Report Threatens to Revive Scalise's Headaches

He was one of two Louisiana state lawmakers who voted against a formal apology for slavery in 1996, according to a Capitol Hill newspaper.

House Majority Whip Steve Scalise, a Republican from Louisiana, listens during an interview in New York, U.S., on Wednesday, Oct. 8, 2014. Debt ceilings are hit because of spending problems in Washington and 'to increase the debt ceiling it ought to be tied to reforms that finally solve the spending problem,' Scalise said.

Photographer: Scott Eells/Bloomberg via Getty Images

House Majority Whip Steve Scalise was one of two Louisiana state lawmakers who voted against a formal apology for slavery in 1996, the Hill newspaper reported Tuesday. 

The report comes after Scalise apologized last month for addressing a white nationalist group in 2002. He denounced the group's views and had appeared to weather the controversy, retaining the support of House Speaker John Boehner.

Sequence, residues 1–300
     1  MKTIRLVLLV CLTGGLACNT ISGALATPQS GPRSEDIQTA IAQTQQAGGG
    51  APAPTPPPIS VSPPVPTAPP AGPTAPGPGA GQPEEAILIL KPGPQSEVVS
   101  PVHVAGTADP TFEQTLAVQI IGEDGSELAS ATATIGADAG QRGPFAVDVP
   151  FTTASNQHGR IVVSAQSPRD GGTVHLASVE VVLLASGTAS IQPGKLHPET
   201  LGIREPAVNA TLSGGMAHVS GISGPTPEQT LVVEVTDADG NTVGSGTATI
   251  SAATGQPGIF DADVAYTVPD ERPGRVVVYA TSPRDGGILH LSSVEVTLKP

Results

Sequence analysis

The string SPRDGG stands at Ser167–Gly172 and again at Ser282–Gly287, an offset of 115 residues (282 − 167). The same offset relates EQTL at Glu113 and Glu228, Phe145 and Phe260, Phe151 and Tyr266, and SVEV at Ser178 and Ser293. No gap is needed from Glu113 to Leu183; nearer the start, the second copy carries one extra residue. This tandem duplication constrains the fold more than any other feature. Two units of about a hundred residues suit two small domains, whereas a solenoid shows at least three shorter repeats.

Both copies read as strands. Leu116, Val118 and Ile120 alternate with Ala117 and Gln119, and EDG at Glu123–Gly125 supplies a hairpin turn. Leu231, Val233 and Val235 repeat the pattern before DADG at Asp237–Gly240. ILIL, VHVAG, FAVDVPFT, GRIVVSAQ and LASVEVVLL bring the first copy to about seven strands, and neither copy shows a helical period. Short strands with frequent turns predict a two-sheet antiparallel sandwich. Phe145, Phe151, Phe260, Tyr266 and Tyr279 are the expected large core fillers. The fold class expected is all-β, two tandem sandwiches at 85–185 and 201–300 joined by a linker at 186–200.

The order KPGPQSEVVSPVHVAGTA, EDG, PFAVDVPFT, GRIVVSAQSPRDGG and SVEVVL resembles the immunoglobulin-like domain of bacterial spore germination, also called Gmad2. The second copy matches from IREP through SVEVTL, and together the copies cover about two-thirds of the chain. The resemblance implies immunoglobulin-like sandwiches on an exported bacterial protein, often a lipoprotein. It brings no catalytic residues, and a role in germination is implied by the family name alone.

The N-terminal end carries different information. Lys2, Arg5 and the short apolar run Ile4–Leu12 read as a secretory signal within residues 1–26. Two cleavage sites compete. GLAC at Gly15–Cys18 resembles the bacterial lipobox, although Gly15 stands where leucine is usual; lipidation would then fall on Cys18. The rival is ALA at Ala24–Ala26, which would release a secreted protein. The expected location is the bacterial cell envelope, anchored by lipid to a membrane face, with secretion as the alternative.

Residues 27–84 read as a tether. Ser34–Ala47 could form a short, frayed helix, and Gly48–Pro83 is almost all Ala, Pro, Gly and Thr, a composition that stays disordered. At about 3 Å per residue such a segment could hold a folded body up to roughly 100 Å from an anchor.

Now, the Hill report could revive Scalise's troubles. A group calling itself the Million Hoodies Movement for Justice says it plans to stage a protest outside the lawmaker's donor event in Washington on Tuesday afternoon.

A 1996 article in the New Orleans Times-Picayune reported that Scalise did not think an apology was necessary, as the practice had ended more than 100 years prior, according to the Hill.

“Why are you asking me to apologize for something I didn't do and had no part of?” Scalise reportedly said in the 1996 article. “I am not going to apologize for what somebody else did.”

He eventually supported a “watered-down” measure expressing “regret” for slavery, according to the Hill.

Scalise's spokeswoman did not respond to an immediate request for comment.

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